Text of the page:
Lucy Parsons 1 — Stuart Lindsley 0
It would, of course, be exciting to discover a woman in my family tree with a traceable record of something newsworthy and positive; political campaigning or activism, for instance. I don’t need an “extraordinary” hook in order to find someone’s life interesting – if anything, the opposite is true – but just once, it would be nice to find a woman who generated press coverage without having to be murdered, or embroiled in a custody battle with a toddler-kidnapping ex-husband. (So far I’ve found only two female ancestors with significant presence in newspaper records, and those were the disheartening reasons).
As if to emphasise the futility of my wistful longing for a Pankhurst-style mould-breaker, I’ve found in the New York Times archive what might be regarded as the polar opposite: a great-great-grandfather who tried to prevent one such prominent woman making a perfectly legal speech on his property in Orange, New Jersey, in 1886. Oh, Stuart Lindsley. How you disappoint me!
A really good thing that’s come out of this discovery is that I’ve been moved to read up on Lucy Parsons, of whom I knew almost nothing before looking into the 19th-c. Lindsleys and their jaw-dropping-sense-of-entitlement antics*. Parsons was a far more significant and powerful figure than that NYT article implies, with its suggestion of a slightly oddball type speaking to an unimpressive crowd – see also here, where it gets all excitable and breathlessly calls her a “dusky representative of Anarchy”:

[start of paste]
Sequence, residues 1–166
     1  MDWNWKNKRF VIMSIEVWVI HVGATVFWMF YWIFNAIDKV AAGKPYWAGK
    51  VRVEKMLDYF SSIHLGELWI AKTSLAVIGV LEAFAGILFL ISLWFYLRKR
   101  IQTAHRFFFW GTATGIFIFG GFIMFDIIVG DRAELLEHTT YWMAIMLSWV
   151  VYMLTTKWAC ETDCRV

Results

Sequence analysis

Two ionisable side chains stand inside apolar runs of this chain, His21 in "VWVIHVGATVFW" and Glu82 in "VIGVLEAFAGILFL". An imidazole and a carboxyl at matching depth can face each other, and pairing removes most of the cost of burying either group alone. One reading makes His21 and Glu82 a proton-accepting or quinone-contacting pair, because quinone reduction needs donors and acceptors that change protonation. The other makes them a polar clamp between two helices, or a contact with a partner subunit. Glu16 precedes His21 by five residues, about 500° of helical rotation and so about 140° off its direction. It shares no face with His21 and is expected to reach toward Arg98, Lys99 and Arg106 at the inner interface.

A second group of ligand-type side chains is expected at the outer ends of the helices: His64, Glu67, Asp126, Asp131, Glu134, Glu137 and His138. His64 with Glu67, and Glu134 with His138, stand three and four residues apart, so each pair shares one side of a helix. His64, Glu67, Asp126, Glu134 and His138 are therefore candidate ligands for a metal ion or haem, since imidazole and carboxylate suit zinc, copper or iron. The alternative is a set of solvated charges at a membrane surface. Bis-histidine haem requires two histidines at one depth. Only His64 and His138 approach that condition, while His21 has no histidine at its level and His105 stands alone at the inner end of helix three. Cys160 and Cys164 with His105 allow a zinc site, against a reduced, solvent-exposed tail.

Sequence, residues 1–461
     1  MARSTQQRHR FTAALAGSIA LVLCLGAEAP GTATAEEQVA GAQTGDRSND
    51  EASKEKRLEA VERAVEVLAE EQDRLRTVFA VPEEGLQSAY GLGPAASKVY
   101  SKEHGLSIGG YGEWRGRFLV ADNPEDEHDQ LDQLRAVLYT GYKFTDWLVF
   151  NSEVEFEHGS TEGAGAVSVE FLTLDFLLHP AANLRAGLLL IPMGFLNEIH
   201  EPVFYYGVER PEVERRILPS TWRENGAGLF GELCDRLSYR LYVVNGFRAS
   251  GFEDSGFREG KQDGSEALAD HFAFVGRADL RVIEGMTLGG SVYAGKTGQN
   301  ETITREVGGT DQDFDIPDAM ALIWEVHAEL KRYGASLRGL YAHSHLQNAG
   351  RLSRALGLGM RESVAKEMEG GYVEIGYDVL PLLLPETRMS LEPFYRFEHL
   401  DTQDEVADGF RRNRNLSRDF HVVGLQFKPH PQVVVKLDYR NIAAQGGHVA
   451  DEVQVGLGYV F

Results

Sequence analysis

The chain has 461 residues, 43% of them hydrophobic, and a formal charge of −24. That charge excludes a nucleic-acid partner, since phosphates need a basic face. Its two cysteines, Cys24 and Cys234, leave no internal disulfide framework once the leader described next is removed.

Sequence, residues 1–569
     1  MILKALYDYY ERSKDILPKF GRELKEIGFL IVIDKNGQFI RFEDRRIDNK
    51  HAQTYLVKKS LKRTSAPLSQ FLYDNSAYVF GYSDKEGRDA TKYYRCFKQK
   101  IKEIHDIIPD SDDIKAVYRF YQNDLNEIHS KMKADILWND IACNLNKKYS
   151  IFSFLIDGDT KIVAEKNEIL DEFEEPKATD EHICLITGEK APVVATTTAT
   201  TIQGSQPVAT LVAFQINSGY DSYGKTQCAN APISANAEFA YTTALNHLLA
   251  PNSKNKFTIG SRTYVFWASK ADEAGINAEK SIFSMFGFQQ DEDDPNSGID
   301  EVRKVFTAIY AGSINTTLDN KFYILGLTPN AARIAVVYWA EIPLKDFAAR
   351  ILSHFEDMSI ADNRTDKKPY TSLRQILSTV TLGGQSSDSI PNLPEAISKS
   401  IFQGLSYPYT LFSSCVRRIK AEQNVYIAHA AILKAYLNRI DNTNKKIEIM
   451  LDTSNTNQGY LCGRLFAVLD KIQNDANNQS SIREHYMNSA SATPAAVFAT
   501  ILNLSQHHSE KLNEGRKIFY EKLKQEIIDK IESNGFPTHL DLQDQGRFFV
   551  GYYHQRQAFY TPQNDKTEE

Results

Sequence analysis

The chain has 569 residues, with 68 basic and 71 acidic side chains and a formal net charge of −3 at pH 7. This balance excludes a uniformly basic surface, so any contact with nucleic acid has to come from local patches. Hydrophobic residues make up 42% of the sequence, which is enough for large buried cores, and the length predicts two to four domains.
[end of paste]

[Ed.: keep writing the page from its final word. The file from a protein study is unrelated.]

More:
You’d never guess it from reading that, but her life and work had a really huge impact on the US labor movement, as well as on the broader fight for gender, race and class equality. So yes, a win, really; an interesting bit of family history research has indirectly raised my awareness of this fascinating woman.
That Wikipedia link I’ve put on her name above is a reasonable starting point for reading about Parsons, but interested parties could also have a look at this ACME Journal paper co-written by feminist geographer Altha J Cravey; it’s a quick read and presents some thought-provoking ideas. Or there’s a blog post here by Michelle Diane Wright, who is working on a biography of Parsons; she has some nice images, too. Or have a look at the Lucy Parsons Center website or the Lucy Parsons Project.
For anyone too busy to click, a short biography: Lucy Parsons was a woman of mixed race, born (probably into slavery) in Texas; she became, early on, a committed labor activist and outspoken advocate of equality; her husband, ex-Confederate soldier and fellow activist Albert Parsons, with whom she moved to Chicago in the 1870s, was executed on charges relating to the truly shocking Haymarket Affair (he was on death row at the time of her run-in with Stuart Lindsley, actually); she continued as a tireless campaigner, writer, editor and orator until her death in the 1940s. Oh, and she didn’t get on with Emma Goldman, because they had opposing views on free love. Huh.
In other news: Ulrich’s Good Wives is here, and I’ve only just started it, but it’s brilliant so far. More on that in due course; and I’ll probably post here once a week instead of twice for the next little while, as work is picking up too. All good.
*Sample undertaking from Stuart: his 1911 effort to convince the Supreme Court to let him destroy Saratoga Springs in order to extract the natural gas therefrom, sell it on, and thereby make even more money to spend on Sons of the American Revolution dues and trips to Bermuda. The Lindsleys of Orange, from Stuart backwards a generation or two, were described with disapproval as “robber barons” by my grandmother, I’ve been told; however, things changed quite a bit for younger generations of the family during the Great Depression.